As a researcher and teacher, I'm most happy when I’m helping to question a taken-for-granted perspective on the world and to inspire new ways of thinking.
Home is where the consumption is — if you live in North America.
Consumption surrounding the home has been expressed as an appetite for renovation to create a space that is a reflection of the owner's identity, explains Professor Annetta Grant, management. It's embedded in our culture that "a home is ours, and we can do what we want with it. We commonly think of it as a place where we can be who we truly are."
While homeowners are spending billions, Grant says we understand very little about their drive to do so. Her research into markets and trends is trying to remedy that.
"At the root of any really good marketing strategy is a deep understanding of consumers in their cultural context," she explains. "I'm curious about the things we take for granted." Her research delves into how culture and cultural norms shape consumer behavior.
In the case of home renovation, people often make financial sacrifices to complete a renovation, so Grant has looked at the "cultural imperative" that supports spending money on replacements for products that may not be worn out. In her backpack travels in Central and South America, the cultural view of obsolescence she observed was very different, she notes. Understanding the consumption experience and consumers, and how place shapes consumption practices can be used to enlighten strategic and managerial perspectives.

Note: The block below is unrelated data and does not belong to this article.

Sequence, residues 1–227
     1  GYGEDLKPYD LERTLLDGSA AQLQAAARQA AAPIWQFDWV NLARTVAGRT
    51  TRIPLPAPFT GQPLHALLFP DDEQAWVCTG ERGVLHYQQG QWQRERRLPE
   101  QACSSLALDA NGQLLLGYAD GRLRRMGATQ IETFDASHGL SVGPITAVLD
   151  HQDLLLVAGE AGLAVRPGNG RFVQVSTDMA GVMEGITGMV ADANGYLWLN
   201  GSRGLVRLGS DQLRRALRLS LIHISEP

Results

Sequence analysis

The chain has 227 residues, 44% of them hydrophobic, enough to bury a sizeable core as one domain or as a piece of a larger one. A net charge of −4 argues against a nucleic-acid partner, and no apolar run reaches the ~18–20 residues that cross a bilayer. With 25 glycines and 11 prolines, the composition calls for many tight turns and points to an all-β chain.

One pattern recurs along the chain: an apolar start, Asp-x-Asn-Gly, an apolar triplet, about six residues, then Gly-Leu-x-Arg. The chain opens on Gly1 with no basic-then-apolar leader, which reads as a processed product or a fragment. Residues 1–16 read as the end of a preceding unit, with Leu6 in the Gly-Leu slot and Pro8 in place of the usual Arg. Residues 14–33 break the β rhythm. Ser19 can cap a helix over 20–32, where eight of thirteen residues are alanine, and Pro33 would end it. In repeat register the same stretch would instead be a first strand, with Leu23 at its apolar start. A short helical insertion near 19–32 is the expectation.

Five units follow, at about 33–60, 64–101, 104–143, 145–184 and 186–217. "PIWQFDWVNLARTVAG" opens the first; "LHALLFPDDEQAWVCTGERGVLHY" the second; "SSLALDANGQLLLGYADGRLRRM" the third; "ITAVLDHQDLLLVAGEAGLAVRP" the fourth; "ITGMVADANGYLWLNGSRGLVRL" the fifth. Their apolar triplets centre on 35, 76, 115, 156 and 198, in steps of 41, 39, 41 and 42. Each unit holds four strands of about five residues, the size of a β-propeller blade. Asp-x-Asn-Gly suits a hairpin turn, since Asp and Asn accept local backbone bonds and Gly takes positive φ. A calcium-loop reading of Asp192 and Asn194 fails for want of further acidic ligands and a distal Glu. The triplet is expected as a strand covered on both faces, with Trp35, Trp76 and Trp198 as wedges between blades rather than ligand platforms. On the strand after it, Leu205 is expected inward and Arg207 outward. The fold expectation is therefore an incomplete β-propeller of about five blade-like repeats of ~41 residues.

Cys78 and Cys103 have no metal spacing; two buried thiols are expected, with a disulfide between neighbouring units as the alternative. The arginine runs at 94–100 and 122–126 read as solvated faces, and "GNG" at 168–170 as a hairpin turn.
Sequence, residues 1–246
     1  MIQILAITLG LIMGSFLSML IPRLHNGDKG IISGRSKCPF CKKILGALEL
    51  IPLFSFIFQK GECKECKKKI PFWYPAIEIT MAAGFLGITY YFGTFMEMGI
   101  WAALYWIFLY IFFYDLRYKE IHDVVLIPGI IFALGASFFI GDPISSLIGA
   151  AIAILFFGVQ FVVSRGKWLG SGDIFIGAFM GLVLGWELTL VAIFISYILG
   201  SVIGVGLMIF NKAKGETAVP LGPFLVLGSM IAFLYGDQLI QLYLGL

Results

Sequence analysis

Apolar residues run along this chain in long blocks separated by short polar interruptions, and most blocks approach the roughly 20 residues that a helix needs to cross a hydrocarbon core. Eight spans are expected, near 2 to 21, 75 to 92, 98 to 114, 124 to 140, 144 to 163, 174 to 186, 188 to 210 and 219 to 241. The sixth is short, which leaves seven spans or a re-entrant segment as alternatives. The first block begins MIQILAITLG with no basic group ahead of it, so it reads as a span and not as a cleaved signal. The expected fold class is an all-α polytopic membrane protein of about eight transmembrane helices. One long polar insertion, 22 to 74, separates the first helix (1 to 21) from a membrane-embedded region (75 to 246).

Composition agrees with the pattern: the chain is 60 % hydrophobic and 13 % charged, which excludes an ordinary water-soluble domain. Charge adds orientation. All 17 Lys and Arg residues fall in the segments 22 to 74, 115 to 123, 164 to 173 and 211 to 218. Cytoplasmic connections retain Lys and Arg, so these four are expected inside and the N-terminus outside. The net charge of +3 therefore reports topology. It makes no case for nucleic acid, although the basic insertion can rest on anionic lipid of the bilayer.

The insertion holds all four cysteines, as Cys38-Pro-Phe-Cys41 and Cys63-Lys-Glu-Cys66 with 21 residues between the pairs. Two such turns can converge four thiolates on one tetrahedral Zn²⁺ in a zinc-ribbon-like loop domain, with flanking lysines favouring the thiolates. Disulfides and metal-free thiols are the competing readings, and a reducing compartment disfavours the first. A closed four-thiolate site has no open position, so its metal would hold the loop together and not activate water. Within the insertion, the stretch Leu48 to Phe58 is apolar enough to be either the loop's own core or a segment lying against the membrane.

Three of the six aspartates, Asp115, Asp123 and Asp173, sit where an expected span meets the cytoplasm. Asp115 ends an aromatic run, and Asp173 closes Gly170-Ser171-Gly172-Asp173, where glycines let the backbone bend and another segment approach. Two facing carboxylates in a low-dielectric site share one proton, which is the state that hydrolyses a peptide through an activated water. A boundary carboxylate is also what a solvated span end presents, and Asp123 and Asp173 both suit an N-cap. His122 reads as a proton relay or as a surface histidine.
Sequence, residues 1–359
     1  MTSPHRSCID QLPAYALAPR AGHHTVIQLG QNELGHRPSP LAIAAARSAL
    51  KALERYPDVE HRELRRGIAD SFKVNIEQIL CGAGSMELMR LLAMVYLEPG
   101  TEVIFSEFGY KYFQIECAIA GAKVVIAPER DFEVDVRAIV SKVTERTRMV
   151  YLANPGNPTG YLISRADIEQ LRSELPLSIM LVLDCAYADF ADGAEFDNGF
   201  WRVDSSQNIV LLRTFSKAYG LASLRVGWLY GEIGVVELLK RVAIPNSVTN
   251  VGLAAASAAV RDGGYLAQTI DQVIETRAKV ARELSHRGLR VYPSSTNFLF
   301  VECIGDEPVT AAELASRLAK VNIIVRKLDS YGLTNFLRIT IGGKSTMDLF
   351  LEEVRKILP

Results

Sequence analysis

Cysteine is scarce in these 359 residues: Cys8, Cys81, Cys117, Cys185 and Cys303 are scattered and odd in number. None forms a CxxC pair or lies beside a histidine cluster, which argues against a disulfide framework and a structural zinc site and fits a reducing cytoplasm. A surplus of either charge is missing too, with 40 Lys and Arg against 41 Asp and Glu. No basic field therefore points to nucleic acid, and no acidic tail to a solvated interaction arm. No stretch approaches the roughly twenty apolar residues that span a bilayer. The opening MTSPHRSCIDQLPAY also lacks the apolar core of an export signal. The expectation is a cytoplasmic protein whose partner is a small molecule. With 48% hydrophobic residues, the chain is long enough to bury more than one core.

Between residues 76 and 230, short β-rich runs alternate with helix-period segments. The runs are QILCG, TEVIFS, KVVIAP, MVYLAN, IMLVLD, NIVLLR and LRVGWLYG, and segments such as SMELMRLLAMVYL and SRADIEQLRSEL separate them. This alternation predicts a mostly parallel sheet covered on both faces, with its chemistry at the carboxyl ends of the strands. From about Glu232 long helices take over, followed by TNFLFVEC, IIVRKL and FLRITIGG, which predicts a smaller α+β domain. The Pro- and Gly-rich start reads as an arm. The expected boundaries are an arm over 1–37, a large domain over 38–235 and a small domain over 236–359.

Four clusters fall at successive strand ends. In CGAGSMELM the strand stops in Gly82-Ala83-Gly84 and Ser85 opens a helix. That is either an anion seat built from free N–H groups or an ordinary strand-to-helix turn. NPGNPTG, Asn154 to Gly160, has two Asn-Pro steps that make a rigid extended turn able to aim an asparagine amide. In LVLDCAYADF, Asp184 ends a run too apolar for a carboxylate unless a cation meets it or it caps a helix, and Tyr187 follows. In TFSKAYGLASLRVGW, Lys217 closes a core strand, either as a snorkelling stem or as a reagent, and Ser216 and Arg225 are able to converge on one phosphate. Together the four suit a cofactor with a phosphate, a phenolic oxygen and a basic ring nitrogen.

Grant's experience isn't all in the world of academia. She worked in marketing with Cirque du Soleil and Shell Canada, among other organizations. She says she is excited about the teaching environment at Bucknell, including the low student-to-professor ratio that will allow her to "work closely with students, get to know them and impact change with them."
While she's been in the field for years, Grant continues to enjoy challenging perceptions and thinking about the world in new ways. Working with students on developing that type of outlook is also about developing critical thinking skills, she says. "As a researcher and teacher, I'm most happy when I'm helping to question a taken-for-granted perspective on the world and to inspire new ways of thinking."
Posted Oct. 6, 2017